Tair as the earliest beam of eastern light,
When first, by the bewildered pilgrim spied, It smiles upon the dreary brow of night,
And silvers o'er the torrent's foaming tide, And lights the fearful path on mountain side ;
Fair as that beam, although the fairest far, Giving to horror grace, to danger pride,
Shine martial Faith, and Courtesy's bright star, Through all the wreckful storms that cloud the brow of War.
That early beam, so fair and sheen,
Was twinkling through the hazel screen,
When, rousing at its glimmer red,
The warriors left their lowly bed,
Looked out upon the dappled sky,
Muttered their soldier matins by,
And then awaked their fire, to steal,
As short and rude, their soldier meal.
That o'er, the Gael around him threw
His graceful plaid of varied hue,
And, true to promise, led the way,
By thicket green and mountain gray.
A wildering path!- they winded now
Along the precipice's brow,
Commanding the rich scenes beneath,
The windings of the Forth and Teith,
And all the vales between that lie,
Till Stirling's turrets melt in sky;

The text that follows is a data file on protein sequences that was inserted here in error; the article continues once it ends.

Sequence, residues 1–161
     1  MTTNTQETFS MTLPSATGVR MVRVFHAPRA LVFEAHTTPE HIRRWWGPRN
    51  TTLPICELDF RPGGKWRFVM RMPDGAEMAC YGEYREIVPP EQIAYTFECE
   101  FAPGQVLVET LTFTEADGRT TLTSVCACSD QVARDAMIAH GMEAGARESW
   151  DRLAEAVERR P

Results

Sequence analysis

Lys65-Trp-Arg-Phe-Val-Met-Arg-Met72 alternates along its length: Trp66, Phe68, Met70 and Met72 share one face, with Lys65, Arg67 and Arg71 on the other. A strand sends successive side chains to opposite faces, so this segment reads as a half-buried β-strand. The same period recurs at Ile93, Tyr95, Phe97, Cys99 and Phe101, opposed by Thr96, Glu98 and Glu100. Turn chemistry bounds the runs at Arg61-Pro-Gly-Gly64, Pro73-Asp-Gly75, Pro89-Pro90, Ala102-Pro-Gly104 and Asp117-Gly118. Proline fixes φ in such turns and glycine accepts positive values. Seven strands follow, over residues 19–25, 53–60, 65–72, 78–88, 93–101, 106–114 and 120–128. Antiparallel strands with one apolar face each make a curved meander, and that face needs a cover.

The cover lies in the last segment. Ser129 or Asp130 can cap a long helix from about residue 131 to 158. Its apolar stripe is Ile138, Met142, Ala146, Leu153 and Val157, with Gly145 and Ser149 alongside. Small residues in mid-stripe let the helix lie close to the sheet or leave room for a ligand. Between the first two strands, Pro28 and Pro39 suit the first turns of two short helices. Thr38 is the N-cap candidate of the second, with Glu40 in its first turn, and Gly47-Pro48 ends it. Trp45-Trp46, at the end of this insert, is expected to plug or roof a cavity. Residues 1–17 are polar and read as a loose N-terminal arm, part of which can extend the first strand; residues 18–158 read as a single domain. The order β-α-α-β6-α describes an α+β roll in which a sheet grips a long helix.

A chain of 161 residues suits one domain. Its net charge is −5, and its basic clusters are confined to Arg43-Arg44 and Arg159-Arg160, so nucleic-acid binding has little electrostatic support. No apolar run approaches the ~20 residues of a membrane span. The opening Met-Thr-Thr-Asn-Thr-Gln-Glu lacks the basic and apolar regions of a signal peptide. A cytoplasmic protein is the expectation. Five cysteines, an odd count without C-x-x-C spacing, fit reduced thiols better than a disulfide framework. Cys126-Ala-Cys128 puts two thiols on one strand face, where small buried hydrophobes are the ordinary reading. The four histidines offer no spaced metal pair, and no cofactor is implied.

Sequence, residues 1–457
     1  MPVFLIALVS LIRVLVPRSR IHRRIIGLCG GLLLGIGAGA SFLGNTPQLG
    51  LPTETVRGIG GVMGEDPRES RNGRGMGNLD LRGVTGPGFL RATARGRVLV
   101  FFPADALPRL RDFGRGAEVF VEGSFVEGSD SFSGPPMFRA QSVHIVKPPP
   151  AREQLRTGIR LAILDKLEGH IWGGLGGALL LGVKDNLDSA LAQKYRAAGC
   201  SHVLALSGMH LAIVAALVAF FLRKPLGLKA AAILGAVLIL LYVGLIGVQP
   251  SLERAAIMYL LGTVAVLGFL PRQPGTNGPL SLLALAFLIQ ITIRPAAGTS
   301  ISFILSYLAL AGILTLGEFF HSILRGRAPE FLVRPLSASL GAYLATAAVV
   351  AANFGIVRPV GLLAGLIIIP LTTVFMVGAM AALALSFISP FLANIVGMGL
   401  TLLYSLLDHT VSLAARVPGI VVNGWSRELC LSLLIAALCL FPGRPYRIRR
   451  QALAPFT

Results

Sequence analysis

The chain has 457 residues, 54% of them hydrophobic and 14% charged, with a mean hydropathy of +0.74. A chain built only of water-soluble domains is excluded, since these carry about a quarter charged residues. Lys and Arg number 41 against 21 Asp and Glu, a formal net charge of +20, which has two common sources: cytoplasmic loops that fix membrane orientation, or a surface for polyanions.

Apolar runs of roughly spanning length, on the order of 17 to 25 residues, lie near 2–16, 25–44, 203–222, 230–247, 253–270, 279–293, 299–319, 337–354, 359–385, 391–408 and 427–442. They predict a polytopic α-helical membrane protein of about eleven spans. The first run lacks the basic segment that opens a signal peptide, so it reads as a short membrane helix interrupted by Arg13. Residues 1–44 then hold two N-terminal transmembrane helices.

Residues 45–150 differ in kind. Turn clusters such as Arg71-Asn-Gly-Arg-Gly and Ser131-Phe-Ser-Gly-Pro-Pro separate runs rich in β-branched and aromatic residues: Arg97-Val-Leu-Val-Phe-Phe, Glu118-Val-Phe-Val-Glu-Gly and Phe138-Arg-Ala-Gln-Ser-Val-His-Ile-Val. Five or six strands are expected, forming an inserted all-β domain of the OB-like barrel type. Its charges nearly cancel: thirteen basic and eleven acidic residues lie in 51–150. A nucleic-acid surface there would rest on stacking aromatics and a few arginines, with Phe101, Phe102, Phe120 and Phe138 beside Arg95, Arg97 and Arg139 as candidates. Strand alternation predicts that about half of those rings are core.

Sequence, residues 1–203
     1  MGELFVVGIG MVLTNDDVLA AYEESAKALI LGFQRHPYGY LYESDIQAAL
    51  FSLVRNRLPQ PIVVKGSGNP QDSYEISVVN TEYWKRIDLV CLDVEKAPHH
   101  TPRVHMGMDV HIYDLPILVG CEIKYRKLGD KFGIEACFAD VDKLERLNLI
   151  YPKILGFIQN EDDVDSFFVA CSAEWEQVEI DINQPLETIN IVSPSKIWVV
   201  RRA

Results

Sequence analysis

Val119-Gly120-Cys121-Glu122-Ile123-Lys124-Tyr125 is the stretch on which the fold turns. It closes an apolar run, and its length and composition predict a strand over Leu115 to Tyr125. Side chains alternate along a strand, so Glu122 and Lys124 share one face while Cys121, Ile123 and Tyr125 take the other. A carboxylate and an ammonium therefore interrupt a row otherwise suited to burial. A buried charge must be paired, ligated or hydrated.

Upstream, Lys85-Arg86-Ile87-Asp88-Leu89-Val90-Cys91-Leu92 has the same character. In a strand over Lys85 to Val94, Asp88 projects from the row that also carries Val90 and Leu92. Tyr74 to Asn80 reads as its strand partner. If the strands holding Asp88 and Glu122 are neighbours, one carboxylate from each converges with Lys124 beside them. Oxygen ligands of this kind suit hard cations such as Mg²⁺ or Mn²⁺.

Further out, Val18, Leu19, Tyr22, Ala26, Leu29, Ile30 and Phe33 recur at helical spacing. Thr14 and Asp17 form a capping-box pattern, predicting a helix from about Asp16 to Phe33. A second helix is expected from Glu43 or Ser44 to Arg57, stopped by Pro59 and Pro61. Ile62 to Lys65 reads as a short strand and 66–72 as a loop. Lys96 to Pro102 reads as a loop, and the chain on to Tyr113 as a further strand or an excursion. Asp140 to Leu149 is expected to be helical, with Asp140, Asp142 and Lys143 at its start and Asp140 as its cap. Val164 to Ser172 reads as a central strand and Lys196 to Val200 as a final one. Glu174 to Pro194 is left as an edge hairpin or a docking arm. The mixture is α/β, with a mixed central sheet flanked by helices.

Then, sunk in copse, their farthest glance
Gained not the length of horseman's lance.
'Twas oft so steep, the foot was fain
Assistance from the hand to gain;
So tangled oft that, bursting through,
Each hawthorn shed her showers of dew, -
That diamond dew, so pure and clear,
It rivals all but Beauty's tear.
At length they came where, stern and steep,
The hill sinks down upon the deep.
Here Vennachar in silver flows,
There, ridge on ridge, Benledi rose;
Ever the hollow path twined on,
Beneath steep bank and threatening stone;
An hundred men might hold the post
With hardihood against a host.
The rugged mountain's scanty cloak
Was dwarfish shrubs of birch and oak,
With shingles bare, and cliffs between,
And patches bright of bracken green,
And heather black, that waved so high,
It held the copse in rivalry.
But where the lake slept, deep and still,
Dank osiers fringed the swamp and hill;
And oft both path and hill were torn,
Where wintry torrents down had borne,
And heaped upon the cumbered land
Its wreck of gravel, rocks, and sand.
So toilsome was the road to trace,
The guide, abating of his pace,
Led slowly through the pass's jaws,
And asked Fitz-James by what strange cause
He sought these wilds, traversed by few,
Without a pass from Roderick Dhu.
“ Brave Gael, my pass in danger tried,
Hangs in my belt, and by my side;
Yet, sooth to tell,” the Saxon said,
“I dreamt not now to claim its aid.
When here, but three days since, I came,
Bewildered in pursuit of game,
All seemed as peaceful and as still,
As the mist slumbering on yon hill;